Perfect Ten: Natasha Kmeto answers ten questions
In Perfect Ten, we ask an artist to answer ten questions.
Today, we quiz American producer and vocalist Natasha Kmeto. Based in Portland, Kmeto’s tracks draw from sounds infiltrating clubs all over the world, touching on elements of juke, hip-hop, R&B, and the dubstep vortex for an energetic mix of beats topped by a voice recalling jazz and soul. Her new EP Dirty Mind Melt was released earlier this week on Dropping Gems.
Your most memorable show?
That I’ve attended? Such a hard question, but I’d have to say recently it was seeing Erykah Badu in Seattle last fall. Also I had the chance to see Little Dragon for the first time last year and they were amazing. I’ve been so privileged to have seen so many amazing shows of all genres over the course of my life!
The most memorable show that I’ve played was probably opening for Squarepusher last year in Portland. I was so nervous because he’s such an inspiration to me, but the crowd was amazing and I had a blast.
Is any aspect of fame important, and if yes, why?
I would say yes, just because I think fame, when used responsibly, allows people to gain widespread exposure to present a lot of ideas and thoughts that can potentially open minds. I’ve been exposed to a lot of things that I don’t think I would have if it weren’t for some of the bigger acts I listened to when I was younger presenting them. I think fame can sometimes give artists the liberty to push the envelope artistically; I just don’t think a lot of famous artists have the guts to do that these days.
An album or artist that changed the way you thought?
Wow, such a big question and I feel like my answer would change daily. Today I would say Stevie Wonder‘s Innervisions. I remember the first time I heard the record it was actually my mom’s old vinyl copy that she listened to as a kid. I put it on one day a very long time ago and was just stunned at the harmonies he used. I think a lot of younger generations associate Stevie with more of his ’80s stuff, but the albums he released in the ’70s were unparallelled. No one can express emotions through such imaginative chord voicing quite like Stevie. And then there’s that voice…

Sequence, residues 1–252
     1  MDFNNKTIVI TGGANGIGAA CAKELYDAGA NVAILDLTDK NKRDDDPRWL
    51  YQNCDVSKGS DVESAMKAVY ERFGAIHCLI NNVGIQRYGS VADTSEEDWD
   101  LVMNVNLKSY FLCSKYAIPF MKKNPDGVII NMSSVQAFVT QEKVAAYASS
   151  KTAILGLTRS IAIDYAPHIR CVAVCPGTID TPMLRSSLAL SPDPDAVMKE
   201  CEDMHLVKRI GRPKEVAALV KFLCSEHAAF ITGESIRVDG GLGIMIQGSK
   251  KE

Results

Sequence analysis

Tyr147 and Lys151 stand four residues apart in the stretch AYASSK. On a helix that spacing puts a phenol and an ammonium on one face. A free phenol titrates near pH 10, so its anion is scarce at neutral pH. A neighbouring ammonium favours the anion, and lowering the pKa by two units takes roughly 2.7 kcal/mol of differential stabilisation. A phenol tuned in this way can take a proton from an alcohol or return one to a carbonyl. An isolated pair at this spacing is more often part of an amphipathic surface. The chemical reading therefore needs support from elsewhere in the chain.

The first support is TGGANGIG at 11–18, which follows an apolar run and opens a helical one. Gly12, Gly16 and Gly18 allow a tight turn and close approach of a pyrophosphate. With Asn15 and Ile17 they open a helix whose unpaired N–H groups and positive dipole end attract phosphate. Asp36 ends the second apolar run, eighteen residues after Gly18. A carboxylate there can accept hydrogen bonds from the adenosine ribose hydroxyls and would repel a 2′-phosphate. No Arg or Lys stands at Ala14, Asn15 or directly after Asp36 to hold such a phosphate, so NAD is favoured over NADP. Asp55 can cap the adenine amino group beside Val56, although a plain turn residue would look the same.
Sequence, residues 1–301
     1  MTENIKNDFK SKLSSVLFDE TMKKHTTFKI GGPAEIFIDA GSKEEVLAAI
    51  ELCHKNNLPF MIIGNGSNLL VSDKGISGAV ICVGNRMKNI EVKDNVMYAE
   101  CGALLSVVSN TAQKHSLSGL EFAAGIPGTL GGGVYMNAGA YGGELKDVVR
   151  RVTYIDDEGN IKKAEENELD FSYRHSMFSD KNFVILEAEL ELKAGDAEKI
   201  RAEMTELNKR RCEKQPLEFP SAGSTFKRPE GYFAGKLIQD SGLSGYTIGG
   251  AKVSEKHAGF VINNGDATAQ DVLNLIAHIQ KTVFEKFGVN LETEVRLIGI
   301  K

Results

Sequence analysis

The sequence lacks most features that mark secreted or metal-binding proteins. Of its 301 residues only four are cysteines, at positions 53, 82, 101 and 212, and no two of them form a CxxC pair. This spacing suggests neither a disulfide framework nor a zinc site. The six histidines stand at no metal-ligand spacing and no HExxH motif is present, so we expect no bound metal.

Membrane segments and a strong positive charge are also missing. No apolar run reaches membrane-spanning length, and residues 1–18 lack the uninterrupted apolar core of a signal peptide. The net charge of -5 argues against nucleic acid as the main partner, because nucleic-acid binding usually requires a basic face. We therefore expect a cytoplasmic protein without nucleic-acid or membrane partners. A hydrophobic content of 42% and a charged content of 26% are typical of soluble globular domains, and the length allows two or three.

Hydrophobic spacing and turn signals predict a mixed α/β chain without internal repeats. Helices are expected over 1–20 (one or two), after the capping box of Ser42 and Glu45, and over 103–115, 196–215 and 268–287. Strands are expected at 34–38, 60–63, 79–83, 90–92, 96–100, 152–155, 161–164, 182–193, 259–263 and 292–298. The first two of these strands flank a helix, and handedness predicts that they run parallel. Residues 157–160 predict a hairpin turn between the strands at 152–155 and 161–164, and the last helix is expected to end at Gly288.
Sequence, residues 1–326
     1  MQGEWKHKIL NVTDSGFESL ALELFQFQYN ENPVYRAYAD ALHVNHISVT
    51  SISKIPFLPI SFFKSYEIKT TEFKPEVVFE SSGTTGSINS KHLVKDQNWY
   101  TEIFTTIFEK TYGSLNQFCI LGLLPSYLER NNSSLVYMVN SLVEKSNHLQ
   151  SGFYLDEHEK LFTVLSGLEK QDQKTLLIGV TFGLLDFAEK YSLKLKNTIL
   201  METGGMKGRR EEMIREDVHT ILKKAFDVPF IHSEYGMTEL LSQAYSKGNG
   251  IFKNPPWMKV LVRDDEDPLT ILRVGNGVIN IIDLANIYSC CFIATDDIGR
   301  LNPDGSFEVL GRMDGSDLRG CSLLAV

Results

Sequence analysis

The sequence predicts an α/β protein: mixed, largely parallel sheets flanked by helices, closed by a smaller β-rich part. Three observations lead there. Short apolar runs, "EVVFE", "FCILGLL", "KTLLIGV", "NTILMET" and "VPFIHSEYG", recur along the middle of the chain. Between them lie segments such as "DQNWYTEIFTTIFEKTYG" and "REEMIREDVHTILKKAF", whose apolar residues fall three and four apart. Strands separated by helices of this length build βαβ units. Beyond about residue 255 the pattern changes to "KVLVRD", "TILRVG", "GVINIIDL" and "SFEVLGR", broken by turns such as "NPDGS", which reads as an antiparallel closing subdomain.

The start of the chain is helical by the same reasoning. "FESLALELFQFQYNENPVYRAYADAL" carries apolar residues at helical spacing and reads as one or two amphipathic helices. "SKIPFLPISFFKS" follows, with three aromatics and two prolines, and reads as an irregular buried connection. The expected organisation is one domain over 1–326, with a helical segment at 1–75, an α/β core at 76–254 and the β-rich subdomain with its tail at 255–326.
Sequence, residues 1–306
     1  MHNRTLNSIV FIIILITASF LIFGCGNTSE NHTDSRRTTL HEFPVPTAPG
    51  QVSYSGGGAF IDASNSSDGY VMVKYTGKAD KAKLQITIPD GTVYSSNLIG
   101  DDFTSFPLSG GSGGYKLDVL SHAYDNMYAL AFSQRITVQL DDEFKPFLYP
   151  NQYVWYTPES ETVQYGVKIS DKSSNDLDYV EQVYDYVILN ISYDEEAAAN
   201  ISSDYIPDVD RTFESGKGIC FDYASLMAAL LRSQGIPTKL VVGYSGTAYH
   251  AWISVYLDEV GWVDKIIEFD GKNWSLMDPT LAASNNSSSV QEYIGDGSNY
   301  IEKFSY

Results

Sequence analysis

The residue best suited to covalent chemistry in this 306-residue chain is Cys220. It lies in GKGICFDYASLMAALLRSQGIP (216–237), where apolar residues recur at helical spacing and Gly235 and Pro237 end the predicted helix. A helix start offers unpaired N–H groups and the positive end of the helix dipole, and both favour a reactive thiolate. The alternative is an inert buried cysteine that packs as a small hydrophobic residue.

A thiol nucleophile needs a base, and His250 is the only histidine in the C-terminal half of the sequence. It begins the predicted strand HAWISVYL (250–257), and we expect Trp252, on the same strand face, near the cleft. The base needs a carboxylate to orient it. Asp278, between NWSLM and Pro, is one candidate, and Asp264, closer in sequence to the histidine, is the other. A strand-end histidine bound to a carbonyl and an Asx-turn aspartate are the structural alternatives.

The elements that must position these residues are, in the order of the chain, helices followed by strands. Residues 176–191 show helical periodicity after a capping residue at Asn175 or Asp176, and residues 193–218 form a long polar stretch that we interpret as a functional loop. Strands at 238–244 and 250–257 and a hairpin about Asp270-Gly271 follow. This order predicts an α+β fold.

What does ‘underground’ and ‘mainstream’ mean to you?
To me, underground generally means more DIY, progressive and meaningful to smaller group of people. Mainstream generally means more watered-down and more funded, but not always.
Should music be free?
No, I believe anything that takes time to craft should be paid for somehow. Although, I think how that’s done these days is changing and I’m open to that. I feel like the desire for music and art that people can relate to will never dwindle. Artists need to be funded to have time to grow as artists and create better work. How those two will coincide harmoniously has yet to be determined. I think an emphasis on live music experiences has elevated for sure. That’s definitely my most consistent form of income, but I’d still love it if people bought my music as opposed to downloading it for free.
What’s one important lesson you learned from your parents?
My parents taught me so many important things, but the thing that’s sticking out to me the most right now is that they taught me to be honest. I’m speaking more toward the concept of being honest to oneself. There was a strong precedent in my home growing up to always pursue personal growth. I feel like the freedom I was given to pursue who I am has been one of the defining things in my life and definitely in my career as an artist.
What defines your music-making process?
How I’m feeling and my emotions guide almost every decision I make with my music. I feel like everything sort of comes through the filter of everything I’ve learned about music and music-making, but I always try to pull from a place of describing a feeling as accurately as possible.
Latest find on Soundcloud or Bandcamp?
I just found some killer tracks from Blackbird Blackbird and Machinedrum just released some unreleased remixes that are kind of rocking my world right now.
A film, book, or artwork that greatly influenced your music?
The War of Art by Steven Pressfield pretty much saved my life as an artist. I highly recommend it to everyone, symbolic artist or no.
Your current favorite song?
Photo: Patti Miller
Published February 21, 2013.